The enemy prepared for battle. At 6:00 AM on 5 February, the first enemy shot was fired, followed by a general cannonade supported by rifle fire. Khrulev immediately moved 16 guns out of his reserve to the assault line’s left flank in order to bombard the town with flanking fire. Under the cover of artillery fire, Lieutenant Colonel Panaev, adjutant to Prince Menshikov, directed Khrisoveri’s Greek battalion and four sotnias of dismounted cossacks against the town wall from the direction of Lake Sak. Following them in reserve came a battalion of dismounted dragoons of the Moscow Regiment. Covered by local terrain features, Panaev approached to within 100 paces of the town fortifications and began exchanging fire. At the same time the 19th Light Horse Battery was moved out of the right flank’s reserve to the assault line. In spite of the enemy guns’ larger calibers, our artillery began silencing many of them. Noticing the slackening in enemy firing, Khrulev made a weak assault attempt with the troops of the left column. By 10 o’clock in the morning our line of batteries had moved forward to 300 yards from the town wall, while batteries on the left flank moved to within 200 yards. Under the cover of artillery fire two battalions of the Azov Regiment made an assault in company columns. To the left of them was the battalion of Greek volunteers, and behind the volunteers—the battalion of dismounted dragoons. The troops reached the ditch in spite of the enemy’s increased firing and the loss of many officers, but were unable to cross it since it turned out to be filled with water and the assault ladders were too short. In view of the insurmountable obstacles Ogarev’s column withdrew to a cemetery.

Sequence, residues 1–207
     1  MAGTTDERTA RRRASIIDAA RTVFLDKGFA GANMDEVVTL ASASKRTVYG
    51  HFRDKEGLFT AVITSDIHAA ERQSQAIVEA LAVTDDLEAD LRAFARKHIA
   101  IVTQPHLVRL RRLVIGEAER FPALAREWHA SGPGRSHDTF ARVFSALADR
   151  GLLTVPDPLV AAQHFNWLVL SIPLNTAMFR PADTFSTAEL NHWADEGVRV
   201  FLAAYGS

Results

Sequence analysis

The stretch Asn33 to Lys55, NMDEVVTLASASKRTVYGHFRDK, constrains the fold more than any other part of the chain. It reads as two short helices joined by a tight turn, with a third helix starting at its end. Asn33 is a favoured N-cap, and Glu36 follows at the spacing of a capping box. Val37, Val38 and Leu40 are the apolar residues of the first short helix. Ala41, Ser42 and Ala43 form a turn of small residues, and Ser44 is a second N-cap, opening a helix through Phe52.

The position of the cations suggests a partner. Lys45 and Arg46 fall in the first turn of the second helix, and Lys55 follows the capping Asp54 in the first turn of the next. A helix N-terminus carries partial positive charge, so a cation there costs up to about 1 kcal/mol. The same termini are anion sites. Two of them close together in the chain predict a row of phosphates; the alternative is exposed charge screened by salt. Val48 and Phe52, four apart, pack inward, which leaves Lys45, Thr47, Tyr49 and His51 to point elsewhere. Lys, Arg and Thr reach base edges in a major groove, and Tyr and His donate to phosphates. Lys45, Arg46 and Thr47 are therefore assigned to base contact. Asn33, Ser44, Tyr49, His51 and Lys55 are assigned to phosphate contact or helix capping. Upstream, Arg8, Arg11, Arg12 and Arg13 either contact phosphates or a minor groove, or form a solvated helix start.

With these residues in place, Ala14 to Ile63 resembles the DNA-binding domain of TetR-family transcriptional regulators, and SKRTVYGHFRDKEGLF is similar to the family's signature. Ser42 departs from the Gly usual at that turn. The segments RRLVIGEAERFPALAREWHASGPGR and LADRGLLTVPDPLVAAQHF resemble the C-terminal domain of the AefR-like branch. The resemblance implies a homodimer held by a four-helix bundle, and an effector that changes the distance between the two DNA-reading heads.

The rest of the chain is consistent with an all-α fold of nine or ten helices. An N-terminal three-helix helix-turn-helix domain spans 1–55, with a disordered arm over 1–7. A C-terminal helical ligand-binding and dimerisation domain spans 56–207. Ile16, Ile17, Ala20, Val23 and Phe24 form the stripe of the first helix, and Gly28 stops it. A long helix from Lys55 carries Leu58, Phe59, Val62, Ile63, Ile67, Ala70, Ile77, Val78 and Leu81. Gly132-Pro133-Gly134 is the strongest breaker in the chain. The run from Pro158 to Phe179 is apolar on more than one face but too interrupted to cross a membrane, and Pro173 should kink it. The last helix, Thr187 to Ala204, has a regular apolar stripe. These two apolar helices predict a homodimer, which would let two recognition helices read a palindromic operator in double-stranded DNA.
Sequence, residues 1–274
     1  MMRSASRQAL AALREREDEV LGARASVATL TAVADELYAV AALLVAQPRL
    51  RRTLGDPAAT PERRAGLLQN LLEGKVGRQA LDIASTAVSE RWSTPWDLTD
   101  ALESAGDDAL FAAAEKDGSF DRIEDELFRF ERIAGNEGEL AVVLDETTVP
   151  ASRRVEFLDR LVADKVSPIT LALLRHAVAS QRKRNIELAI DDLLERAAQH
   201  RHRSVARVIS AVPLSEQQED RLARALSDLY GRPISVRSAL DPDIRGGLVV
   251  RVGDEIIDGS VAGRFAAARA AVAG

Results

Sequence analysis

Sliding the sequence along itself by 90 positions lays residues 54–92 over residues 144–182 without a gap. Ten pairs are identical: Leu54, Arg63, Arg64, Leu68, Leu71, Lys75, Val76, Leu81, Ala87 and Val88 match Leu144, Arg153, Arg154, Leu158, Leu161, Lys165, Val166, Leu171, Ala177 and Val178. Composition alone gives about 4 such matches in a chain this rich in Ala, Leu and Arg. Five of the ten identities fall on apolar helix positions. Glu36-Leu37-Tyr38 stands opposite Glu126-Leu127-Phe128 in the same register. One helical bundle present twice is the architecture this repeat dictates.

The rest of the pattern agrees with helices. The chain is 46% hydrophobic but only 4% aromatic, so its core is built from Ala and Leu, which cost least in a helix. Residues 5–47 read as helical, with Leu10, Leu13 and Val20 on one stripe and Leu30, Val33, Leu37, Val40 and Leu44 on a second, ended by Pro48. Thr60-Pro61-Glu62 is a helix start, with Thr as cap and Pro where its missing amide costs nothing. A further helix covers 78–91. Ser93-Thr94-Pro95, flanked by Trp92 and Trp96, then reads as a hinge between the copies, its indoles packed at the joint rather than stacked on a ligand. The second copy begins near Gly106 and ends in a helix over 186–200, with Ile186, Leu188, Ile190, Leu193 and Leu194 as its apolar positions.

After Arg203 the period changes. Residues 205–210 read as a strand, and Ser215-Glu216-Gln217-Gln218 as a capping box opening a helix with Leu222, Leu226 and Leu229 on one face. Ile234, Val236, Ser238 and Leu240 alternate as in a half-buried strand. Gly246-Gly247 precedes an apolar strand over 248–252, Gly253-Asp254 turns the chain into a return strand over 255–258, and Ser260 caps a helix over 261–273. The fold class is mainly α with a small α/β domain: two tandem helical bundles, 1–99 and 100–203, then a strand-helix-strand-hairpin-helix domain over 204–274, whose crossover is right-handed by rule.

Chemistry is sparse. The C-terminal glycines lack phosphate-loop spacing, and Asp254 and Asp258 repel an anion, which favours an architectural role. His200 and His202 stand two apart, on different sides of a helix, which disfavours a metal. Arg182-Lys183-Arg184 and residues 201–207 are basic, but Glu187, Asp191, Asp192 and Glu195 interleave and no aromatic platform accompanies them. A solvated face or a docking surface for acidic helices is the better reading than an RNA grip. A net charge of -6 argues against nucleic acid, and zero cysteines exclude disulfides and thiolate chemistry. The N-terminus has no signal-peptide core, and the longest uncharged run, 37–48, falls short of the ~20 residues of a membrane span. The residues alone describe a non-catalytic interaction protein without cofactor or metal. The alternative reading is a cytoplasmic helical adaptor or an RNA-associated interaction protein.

Following this, Khrulev was convinced that the enemy had occupied the town with very strong forces and ordered a retreat. By 11 o’clock, firing ceased completely and our forces withdrew to the Tin-Malaisk heights where they had been positioned previously. Then Omer-Pasha took his whole corps out of Eupatoria and formed it up for battle, but he did not venture to attack the Russian force and returned to the town. Our losses were 4 officers and 164 lower ranks killed, and 38 officers and 544 lower ranks wounded. Allied casualties by their reckoning were 377 men. After the fall of Sevastopol demonstrations were made out of Eupatoria against the rear of Prince Gorchakov’s army, but these did not lead to significant results.


In the Russo-Turkish War of 1877-78 Eupatoria was twice bombarded by enemy ships (27 June and 31 December,1877), with damage to some government and private buildings.



Translated by Mark Conrad, 2001.